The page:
Questions and answers about
the UK economy.

When school closes, dad works and mum stays home?

What is the division of child care between mothers and fathers, and how does this division affect labor supply? The spread of Covid-19 has led to temporary closures of childcare facilities and schools in many countries. This is particularly challenging for working parents who have to educate their children at home. Due to prevailing gender norms, it is likely that this additional burden is not equally split between mothers and fathers. In this project, we study whether differences in childcare responsibilities between parents can lead to larger gender differences in the labor market. Specifically, we estimate if mothers are more likely than fathers to reduce their labor supply as a response to the crisis and if a differential response widens the gender earnings gap. To identify the impact of school closures, we analyze social security records from Austria. First, we compare the employment outcomes of parents to those of non-parents, before and after school closures. Second, we test whether these differences differ between women and men. If gender differences in childcare responsibilities exist, we expect that mothers are more likely than fathers to reduce their labor supply. Because demand shocks induced by the pandemic can be different between groups, we control for a number of confounding factors such as the sector of employment.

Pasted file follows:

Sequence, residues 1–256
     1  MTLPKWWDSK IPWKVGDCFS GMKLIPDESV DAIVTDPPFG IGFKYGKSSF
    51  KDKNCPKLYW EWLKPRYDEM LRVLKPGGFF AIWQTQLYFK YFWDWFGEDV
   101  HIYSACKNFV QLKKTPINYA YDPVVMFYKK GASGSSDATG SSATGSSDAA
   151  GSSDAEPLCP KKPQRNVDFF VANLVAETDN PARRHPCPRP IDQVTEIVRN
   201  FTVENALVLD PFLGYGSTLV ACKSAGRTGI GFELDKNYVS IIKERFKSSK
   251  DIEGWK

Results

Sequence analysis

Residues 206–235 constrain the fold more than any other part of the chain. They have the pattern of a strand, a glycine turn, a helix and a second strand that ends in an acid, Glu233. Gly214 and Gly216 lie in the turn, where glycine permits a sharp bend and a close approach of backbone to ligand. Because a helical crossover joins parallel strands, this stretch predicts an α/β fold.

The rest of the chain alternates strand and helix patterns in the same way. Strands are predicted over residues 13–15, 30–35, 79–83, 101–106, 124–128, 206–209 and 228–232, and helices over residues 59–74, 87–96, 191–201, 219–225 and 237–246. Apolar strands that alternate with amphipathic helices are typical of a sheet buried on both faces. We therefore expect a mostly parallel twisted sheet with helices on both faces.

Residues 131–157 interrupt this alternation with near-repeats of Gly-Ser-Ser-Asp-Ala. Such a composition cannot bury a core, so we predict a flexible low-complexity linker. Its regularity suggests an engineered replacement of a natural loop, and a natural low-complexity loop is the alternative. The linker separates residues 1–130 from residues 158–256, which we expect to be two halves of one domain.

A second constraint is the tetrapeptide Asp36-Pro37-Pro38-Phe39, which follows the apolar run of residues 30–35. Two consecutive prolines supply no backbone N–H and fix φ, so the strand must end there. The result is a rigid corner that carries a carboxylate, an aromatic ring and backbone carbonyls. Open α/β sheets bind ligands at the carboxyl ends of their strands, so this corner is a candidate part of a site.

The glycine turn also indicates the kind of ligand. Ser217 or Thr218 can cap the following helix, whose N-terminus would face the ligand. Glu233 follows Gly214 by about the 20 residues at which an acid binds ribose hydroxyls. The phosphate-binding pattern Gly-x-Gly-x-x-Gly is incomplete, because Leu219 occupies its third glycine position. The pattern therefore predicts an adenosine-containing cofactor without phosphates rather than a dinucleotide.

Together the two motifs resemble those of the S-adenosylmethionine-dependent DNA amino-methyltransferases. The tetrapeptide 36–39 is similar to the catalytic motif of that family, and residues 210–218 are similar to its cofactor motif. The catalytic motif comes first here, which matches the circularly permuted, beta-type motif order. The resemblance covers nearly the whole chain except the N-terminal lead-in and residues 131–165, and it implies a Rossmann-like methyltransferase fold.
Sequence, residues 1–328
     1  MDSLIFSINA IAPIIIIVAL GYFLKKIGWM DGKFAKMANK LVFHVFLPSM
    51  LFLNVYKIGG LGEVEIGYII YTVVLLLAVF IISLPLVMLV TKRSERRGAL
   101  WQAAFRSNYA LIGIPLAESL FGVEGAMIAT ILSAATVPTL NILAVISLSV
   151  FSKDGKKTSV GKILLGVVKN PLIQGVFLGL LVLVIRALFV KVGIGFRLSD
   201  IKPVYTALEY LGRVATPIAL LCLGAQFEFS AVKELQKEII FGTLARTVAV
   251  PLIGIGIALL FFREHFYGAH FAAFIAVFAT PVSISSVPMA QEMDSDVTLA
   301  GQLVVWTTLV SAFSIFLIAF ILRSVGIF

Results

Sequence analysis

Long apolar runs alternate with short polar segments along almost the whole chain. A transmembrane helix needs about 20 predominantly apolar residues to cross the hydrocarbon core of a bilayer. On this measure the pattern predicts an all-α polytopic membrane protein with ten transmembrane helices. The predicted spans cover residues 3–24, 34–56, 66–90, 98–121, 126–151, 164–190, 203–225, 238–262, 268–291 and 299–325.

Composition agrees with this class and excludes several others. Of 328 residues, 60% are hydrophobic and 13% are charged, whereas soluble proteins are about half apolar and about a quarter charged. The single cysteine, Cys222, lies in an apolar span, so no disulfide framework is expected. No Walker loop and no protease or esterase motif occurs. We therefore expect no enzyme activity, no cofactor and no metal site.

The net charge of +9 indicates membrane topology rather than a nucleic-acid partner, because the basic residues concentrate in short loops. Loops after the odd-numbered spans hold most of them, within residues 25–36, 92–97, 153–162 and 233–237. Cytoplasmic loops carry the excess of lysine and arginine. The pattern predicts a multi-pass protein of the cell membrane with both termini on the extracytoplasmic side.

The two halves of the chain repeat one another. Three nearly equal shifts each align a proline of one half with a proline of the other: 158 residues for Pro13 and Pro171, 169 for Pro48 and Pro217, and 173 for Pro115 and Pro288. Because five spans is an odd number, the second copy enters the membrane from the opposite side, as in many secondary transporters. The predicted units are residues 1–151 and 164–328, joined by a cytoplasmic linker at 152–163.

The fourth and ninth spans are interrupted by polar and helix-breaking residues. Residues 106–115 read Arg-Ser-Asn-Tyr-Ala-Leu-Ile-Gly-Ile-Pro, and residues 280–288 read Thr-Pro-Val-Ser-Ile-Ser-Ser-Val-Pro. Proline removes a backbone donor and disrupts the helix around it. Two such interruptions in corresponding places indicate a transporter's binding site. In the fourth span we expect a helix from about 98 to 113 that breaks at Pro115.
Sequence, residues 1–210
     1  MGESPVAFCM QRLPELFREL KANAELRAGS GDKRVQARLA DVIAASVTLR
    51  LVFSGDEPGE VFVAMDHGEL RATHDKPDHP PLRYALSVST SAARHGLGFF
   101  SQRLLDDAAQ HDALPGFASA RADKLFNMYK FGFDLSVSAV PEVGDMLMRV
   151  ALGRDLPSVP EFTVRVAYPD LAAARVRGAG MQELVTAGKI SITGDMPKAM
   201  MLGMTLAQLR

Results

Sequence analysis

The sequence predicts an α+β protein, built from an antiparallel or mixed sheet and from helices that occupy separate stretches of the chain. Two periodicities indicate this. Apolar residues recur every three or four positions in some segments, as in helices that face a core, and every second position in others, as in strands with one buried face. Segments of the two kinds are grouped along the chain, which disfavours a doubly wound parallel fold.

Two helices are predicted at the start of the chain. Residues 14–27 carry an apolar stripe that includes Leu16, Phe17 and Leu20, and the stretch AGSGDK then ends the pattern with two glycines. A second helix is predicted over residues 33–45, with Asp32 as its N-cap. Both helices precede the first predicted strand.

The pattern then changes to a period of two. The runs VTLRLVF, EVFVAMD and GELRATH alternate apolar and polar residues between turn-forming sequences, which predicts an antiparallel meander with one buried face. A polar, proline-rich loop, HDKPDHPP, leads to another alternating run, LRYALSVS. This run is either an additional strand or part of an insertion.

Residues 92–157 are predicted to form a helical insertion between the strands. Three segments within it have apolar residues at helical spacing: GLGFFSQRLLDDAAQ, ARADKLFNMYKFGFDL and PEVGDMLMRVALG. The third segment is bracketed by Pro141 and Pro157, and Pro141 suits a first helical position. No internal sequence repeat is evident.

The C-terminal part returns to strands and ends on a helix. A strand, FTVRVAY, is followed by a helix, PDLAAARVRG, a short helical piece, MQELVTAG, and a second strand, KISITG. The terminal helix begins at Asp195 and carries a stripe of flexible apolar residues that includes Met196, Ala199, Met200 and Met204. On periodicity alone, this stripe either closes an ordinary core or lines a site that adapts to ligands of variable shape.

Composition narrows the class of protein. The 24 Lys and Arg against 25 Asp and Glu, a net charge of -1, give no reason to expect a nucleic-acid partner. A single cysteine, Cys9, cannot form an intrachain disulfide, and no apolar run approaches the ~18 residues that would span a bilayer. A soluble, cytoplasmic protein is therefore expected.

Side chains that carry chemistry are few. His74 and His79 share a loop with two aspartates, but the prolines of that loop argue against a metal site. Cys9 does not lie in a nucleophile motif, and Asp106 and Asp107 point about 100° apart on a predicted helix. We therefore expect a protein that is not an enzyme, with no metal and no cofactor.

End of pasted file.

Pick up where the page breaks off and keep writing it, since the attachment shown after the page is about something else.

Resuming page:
Lead investigator:

Omar Bamieh


University of Vienna

Primary topic:

Jobs, work, pay & benefits

Secondary topic:

Families & households

Region of data collection:


Country of data collection


Type of data being collected:

Publicly available

Unit of real-time data collection